Kiecolt-Glaser and colleagues reported that the BCC patients who been mistreated early in life by a mother or father, and had suffered an extremely stressful life event within the past year, had poorer immune responses to their BCC tumors.

At the same time, emotional maltreatment was unrelated to BCC responses among those who had not experienced a stressful life event, the researchers added.

Kiecolt-Glaser noted that stressful events and the negative emotions generated by them, especially early in life, can dysregulate immunity enough to produce clinically significant changes, such as impaired responses to vaccines, slowed wound healing, promotion of inflammation, and dampened markers in both innate and adaptive immune function.

They explained further that childhood maltreatment has been associated with elevated inflammation and higher antibody titers to the herpes simplex virus type 1, and to multiple diseases including cancer. The immune system plays a prominent role in BCC tumor appearance and progression.

The team studied 48 men and 43 women, ages 23 to 92, who had a previous BCC tumor, collecting information about early parent-child experiences, recent severe life events, depression. They also looked at messenger RNA (mRNA) coding for immune markers associated with BCC tumor progression and regression.

The participants was interviewed using the Childhood Experience of Care and Abuse Questionnaire (CECA.Q). A 1-unit increase or decrease in maltreatment reflects a unit increase on the 1-5 point CECA scale. The neglect subscale in these patients was highly correlated with the antipathy subscale for both parents.

The mean number of months before a BCC lesion was biopsied, measured by the Life Events and Difficulties Schedule (LEDS), was 5.5. Among the group, 19 percent had more than one LEDS events and 4 percent had ≥2 events.

“Compared with those who had healthy parent-child relationships, those with adverse parent-child relationships are more likely to have emotional difficulties when they encounter subsequent stressors,” the investigators wrote.

In fact, 33 percent of the study cohort reported a history of major depression.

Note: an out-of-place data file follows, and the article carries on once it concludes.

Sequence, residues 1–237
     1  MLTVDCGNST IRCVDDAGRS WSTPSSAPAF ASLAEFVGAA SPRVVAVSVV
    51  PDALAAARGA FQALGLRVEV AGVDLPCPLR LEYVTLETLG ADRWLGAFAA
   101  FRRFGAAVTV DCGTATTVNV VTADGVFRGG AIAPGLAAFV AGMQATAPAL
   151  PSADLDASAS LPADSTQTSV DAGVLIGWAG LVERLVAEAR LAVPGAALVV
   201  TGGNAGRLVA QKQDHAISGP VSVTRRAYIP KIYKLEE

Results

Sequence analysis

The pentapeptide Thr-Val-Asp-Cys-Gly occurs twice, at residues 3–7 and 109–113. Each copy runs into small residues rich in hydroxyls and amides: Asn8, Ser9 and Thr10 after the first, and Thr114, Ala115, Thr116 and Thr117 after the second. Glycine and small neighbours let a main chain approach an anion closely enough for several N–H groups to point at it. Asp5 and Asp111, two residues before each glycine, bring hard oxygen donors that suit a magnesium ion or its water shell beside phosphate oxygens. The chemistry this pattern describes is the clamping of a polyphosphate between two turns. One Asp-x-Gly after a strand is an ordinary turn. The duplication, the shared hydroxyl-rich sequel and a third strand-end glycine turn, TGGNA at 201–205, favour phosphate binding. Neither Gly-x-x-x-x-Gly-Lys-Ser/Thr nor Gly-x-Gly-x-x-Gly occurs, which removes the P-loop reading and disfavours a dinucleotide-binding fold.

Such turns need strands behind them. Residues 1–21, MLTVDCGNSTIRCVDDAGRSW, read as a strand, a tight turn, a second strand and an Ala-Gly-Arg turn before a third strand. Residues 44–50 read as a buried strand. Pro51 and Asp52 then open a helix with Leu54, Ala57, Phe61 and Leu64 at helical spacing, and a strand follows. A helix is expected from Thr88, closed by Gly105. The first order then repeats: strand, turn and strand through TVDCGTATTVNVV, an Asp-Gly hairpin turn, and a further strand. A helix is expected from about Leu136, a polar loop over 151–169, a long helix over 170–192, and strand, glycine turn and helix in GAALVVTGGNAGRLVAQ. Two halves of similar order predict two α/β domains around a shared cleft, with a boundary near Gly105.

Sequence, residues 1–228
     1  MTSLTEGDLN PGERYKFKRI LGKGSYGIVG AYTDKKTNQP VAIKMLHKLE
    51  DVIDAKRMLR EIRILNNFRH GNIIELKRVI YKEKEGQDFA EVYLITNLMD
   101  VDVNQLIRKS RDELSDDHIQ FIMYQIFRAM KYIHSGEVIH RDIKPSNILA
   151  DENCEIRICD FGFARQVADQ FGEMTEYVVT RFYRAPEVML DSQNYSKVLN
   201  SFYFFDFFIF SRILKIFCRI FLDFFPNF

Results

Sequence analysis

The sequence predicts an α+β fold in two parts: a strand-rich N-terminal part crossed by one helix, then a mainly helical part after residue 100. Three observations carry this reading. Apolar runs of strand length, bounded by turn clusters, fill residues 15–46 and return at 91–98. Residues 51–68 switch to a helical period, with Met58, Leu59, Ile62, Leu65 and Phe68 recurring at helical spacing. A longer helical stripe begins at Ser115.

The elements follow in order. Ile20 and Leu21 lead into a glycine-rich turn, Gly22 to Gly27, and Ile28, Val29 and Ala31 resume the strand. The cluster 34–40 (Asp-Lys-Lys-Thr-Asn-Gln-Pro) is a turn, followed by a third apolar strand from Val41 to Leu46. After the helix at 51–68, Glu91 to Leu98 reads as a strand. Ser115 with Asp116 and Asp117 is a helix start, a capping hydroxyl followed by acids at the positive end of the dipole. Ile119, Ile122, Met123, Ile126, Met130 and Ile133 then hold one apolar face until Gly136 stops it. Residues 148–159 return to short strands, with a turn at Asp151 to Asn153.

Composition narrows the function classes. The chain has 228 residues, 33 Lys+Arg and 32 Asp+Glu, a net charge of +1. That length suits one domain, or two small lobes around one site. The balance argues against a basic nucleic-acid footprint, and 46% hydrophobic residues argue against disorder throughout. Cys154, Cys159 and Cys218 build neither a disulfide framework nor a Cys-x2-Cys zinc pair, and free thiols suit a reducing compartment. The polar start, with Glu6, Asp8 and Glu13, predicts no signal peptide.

In their population, maternal or paternal emotional maltreatment as children were more likely to have poorer immune responses.

There was a similar interaction between paternal maltreatment and severe life events in predicting mRNA z score in the adjusted model, with a 1-unit increase in a emotional abuse by a father significantly associated with a 0.063-point decrease in mRNA z score, indicating a dampened immune response to BCC.

“This is the first study, to our knowledge, to show that troubled early parental experiences, in combination with a severe life event in the past year, predict local immune responses to a BCC tumor,” the authors wrote, pointing out that the consequences of early parental experiences extend well beyond childhood,” and their findings could have implications for other cancers.

Summer’s Heat May Enflame Hives

Nearly one in four people developshives at some time or another, and they can be triggered by hot summer weather.

Hives are itchy, red or white bumps, welts or patches on the skin. The condition can be acute or chronic, according to the American Academy of Allergy, Asthma & Immunology.

Acute hives, which can last less than a day or up to six weeks, are likely a reaction caused by contact with an allergen such as food, animal dander, insect bite, pollen or latex.

Other possible triggers included medications, heat, stress, exercise, chemicals or viral infection.

The academy says you should consult with your doctor to identify the cause of acute hives.

Most people with chronic hives have symptoms that last longer than a year. Allergies cause only a small percentage of chronic hives. In most cases of chronic hives, the exact cause can’t be identified. This means that routine testing such as general blood counts or screens are not cost-effective and don’t help in planning treatments to relieve symptoms, according to an academy news release.

Hives are not contagious, and most cases get better on their own. Doctors may advise patients to avoid hot baths and showers, wear loose-fitting clothing, or take antihistamines to reduce itching and swelling.

Corticosteroids are prescribed for people with severe flare-ups of hives. In rare cases, hives can be a symptom of a life-threatening allergic reaction called anaphylaxis. Call 911 if you or someone else experiences hives along with any of these symptoms: fainting, shortness of breath, tightness in the throat, tongue/face swelling, or wheezing, the academy said.